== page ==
A lot of fantasy novels follow the same barebones plot structure: a great evil threatens the land and a group of heroes rise to face it in the hopes of restoring peace to the world. If these stories are all one and the same, how can one hope to stand out amongst them? Well, Rob J. Hayes answers that question by setting Never Die in a fictional version of feudal Japan.
The story follows Itami Cho, a Shintei working to defend the town of Kaishi. After a group of bandits led by a man called The Flaming Fists lay siege to the town and kill Cho in the process, she is brought back to life by a mysterious boy called Ein, who has spoken with a Shinigami for his power of resurrection. Ein explains he has brought her back because he is to recruit heroes for his quest: to help him kill the emperor Henan Wulong of Hosa.
Going into this book, the writer catches the attention of the reader with the prologue — while prologues are typically shorter compared to the rest of the book, Never Die’s prologue is only a sentence long. Afterwards, reading the story, even just looking at the stunning cover art, Hayes is a huge Japanophile: everything from the creatures and beasts like Shinigami – Japanese death gods – and Yokai that the group encounter – vengeful spirits – to Itami’s strong code of honour mirroring that of samurai, the writer has done a extensive amount of research to make this tale feel truly like a Japanese legend. As for the story itself, it’s not really anything terribly unique outside of the setting, but still is an enjoyable read which truly comes into its own in its closing arc.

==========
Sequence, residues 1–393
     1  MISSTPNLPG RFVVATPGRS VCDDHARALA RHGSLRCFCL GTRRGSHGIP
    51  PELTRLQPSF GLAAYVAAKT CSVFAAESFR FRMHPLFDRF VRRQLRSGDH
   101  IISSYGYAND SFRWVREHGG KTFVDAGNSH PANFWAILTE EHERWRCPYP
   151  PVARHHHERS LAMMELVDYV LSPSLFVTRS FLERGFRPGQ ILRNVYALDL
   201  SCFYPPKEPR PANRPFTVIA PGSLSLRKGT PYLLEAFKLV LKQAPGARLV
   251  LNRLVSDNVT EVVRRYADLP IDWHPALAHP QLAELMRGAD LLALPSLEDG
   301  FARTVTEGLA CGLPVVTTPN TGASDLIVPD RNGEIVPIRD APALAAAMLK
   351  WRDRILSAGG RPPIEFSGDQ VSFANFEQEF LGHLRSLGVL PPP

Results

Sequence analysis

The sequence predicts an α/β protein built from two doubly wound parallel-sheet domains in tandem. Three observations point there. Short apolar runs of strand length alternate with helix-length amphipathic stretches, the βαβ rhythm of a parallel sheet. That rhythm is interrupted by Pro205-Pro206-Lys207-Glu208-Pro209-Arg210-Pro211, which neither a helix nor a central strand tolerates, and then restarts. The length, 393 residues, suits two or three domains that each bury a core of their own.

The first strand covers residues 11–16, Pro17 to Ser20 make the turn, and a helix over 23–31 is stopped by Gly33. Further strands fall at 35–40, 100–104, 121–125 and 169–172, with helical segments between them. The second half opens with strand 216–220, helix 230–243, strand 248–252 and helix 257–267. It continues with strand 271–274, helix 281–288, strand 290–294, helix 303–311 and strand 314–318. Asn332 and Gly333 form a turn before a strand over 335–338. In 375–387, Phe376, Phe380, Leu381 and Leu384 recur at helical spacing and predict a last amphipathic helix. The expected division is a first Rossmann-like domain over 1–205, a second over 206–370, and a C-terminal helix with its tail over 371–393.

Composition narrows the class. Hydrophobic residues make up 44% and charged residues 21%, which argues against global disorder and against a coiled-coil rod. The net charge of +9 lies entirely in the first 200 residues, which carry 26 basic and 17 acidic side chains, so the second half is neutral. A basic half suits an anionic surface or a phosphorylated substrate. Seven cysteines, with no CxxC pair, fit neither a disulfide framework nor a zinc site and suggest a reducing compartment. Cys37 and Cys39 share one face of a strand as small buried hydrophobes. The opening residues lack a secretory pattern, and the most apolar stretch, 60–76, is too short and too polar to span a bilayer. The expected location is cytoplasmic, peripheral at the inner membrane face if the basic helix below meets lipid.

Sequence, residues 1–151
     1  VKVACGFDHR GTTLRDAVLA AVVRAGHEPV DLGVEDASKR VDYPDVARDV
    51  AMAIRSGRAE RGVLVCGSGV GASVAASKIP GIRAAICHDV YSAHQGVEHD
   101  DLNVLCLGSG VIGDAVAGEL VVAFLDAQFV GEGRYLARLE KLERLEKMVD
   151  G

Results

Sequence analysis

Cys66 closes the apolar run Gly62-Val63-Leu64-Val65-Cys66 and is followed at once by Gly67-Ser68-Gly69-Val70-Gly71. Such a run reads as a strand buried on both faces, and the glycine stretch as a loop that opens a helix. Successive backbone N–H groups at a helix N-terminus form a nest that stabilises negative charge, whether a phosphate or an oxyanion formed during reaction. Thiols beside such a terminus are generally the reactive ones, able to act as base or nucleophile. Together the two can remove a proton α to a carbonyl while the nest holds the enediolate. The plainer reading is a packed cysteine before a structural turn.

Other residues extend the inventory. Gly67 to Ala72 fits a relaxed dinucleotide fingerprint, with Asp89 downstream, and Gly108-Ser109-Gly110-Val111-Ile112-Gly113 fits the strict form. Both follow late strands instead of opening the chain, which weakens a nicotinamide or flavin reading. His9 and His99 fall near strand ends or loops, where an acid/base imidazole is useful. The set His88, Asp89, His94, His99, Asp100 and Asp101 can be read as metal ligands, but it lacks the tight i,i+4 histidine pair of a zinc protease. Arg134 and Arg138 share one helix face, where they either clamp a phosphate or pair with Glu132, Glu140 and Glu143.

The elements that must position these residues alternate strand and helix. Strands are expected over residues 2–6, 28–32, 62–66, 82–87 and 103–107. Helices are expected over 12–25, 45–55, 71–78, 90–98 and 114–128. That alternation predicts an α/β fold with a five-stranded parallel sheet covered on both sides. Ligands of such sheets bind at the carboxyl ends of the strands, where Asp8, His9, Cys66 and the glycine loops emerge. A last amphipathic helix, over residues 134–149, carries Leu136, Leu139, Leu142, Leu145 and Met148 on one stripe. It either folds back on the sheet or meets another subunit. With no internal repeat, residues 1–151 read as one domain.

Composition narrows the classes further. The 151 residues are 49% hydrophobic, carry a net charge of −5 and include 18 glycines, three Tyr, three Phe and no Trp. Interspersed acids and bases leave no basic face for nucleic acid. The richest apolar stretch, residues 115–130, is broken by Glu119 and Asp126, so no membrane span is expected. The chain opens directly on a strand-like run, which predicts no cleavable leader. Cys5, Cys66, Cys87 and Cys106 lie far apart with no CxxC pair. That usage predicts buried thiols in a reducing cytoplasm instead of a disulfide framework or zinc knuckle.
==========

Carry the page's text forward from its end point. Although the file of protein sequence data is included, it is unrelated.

The language that Hayes writes with doesn’t have a particular style or eloquence: it is simplistic and straight to the point. While this lack of complication makes it an easy read, this is also a story which deserves stronger writing — it’s an epic fantasy, the wording should reflect the scope of the book. Perhaps a second edition would be called for.
As for the characters, they are what sells the story. Having one of the characters be a leper who wins his battles from afar or with cunning as well as a bandit who questions his place among the group of heroes was a refreshing angle, and it was nice to see Itami not as a sexualised woman or a romantic interest, but more just a woman trying to make her way in the world. Outside of these characters, Chen Lu feels very reminiscent of Xu Zhu from the Dynasty Warriors series. Ein is one of the more interesting characters in the book, and though the reader could probably guess his true nature, his arc is still an interesting one. However, it would have helped the book a lot more if there were additional scenes where the heroes showed off their displays of strength.
Review copy provided
A revenge story that has a unique setting and some refreshing characters but also room for improvement.
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